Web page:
Rotary heat exchangers

Energy recovery

Ostberg rotary heat exchangers are classified as regenerative air-to-air energy recovery units. The primary function of a regenerative air-to-air energy recovery unit is the transfer of sensible (temperature) and latent (humidity) energy between exhaust and supply airflows. Regenerative energy recovery units are very important for energy conservation in ventilation installations that treat outside air to ensure good indoor climate and air quality.

General principle of rotary heat exchangers

Rotary heat exchangers belong to the group regenerative heat exchangers. Rotor movement means that exhaust air and supply air pass the rotor medium alternately. A major proportion of the energy in the exhaust air is transferred to the supply air via the rotor medium. Thanks to the alternating airflow direction, the rotor is self cleaning and frost proof to a large extent. The ability to recover both thermal (sensible) and humidity (latent) energy makes rotary heat exchangers extremely efficient. Efficiency between 70-90% with a pressure drop under 200 Pa is normal for rotary heat exchangers, and efficiency is easily adjusted by regulating motor rpm.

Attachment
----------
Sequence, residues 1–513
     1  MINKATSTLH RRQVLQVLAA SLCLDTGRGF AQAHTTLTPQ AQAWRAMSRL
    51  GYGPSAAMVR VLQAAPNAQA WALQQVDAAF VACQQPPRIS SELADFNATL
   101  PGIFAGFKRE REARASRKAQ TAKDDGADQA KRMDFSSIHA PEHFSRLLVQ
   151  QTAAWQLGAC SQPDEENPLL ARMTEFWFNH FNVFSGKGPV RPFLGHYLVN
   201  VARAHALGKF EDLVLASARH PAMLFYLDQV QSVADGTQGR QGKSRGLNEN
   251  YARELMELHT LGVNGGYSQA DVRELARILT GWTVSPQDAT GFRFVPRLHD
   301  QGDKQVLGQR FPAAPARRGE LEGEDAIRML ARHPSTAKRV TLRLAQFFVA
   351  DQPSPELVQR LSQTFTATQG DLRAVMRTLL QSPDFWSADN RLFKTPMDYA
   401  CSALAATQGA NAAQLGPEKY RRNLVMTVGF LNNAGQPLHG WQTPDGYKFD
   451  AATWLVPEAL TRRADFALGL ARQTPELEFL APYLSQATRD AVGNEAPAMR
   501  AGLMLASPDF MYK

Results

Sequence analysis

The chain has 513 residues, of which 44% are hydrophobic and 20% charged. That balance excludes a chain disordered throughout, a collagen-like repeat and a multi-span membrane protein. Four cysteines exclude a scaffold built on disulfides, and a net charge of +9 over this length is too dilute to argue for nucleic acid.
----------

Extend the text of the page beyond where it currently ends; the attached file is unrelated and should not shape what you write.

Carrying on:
The rotary heat exchangers is connected on the exhaust side to the outlet and supply ducts and onthe supply side to the supply and exhaust ducts. In this way the air streams pass the rotor matrix in opposite directions, which provides the greatest degree of recovery compared to cross or parallelflow operation.


Both air streams pass the rotor simultaneously and continuously, and the rotor is heated and cooled within one round (revolution). Energy from exhaust air is transferred to the rotor matrix and then from the rotor matrix to outside air.


The rotor matrix consists of many small, sinusoidal channels made from thin aluminium foil. Depending on the desired level of recovery, channel height varies between 1.5 and 2.7 mm. The rotor matrix is between 100 and 250 mm thick; 200 mm is suitable for most installations. Regenerative systems are extremely attractive due to their high continuous recovery rates and minimal installation depths.


Untreated aluminium foil is used for sensible heat recovery. Epoxy-coated aluminium or seawater resistant foil with higher magnesium content is best suited in installations in aggressive environments such as industrial or maritime locations. Sensible rotors only transfer humidity during the winter when exhaust air condenses in the rotor matrix and is taken up by the supply air stream.


Hygroscopic or sorption-treated rotors transfer airborne humidity (latent energy) year round. The aluminium foil in hygroscopic rotors is oxidized to create a surface that transfers humidity. Sorption rotor foil is permanently coated with sorption material of the type 3Å molecular sieve, which has an extremely high humidity transfer capacity.